eligible for this safe harbor.
While this deduction will make the rules more manageable for
some businesses, these rules will require more planning and additional
complexities for others, including larger pass-through entities.
There are still many questions left unanswered, such as:
- Can publicly-traded partnership investments held through a mutual
fund qualify for the deduction?
- How much of a deduction is available to taxpayers with multiple
trades and businesses that exist within the same entity?
The deduction is available for tax years beginning after December 31, 2017, and before January 1, 2026. There is speculation whether a future Congress will uphold individual provisions. To discuss your future options regarding the QBI deduction and your eligibility to take advantage of the real estate safe harbor, contact our office.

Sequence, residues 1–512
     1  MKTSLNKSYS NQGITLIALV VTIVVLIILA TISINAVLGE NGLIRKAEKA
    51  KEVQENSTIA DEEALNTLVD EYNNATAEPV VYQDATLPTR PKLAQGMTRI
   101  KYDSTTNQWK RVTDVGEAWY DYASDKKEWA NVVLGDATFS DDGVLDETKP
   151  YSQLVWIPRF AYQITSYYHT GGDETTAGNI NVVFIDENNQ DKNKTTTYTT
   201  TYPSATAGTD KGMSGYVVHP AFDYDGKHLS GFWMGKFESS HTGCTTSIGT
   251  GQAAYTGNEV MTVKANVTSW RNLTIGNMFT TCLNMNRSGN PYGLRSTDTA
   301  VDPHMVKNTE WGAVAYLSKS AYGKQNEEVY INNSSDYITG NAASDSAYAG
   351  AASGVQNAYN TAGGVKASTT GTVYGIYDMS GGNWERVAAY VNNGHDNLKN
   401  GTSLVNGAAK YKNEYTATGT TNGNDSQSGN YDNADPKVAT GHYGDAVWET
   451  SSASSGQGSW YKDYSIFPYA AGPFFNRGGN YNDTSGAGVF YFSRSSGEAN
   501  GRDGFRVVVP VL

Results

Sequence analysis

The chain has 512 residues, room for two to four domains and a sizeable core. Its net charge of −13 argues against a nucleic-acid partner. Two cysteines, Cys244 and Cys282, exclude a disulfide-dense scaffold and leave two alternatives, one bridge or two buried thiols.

Tax audit. These two simple words are enough to strike fear and loathing into the hearts of many business owners. But, in reality, the Internal Revenue Service (IRS) won’t arbitrarily make your company the subject of an audit investigation. In fact, according to IRS.gov, out of the 196 million returns filed in 2016, only 1.1 million (0.5%) came under examination in 2017. You are more likely to be summoned for jury duty (1 in 10) this year.
Unless you’re operating below
the board or completely ignoring best practices, you have little to fear.
However, even the most prudent sometimes miss a step. From managing the filing
cabinet to the people who hold the keys, ensuring your business doesn’t catch
unnecessary attention from the government comes down to good habits. Here are a
few ways you can minimize the likelihood that you’ll be audited or ensure a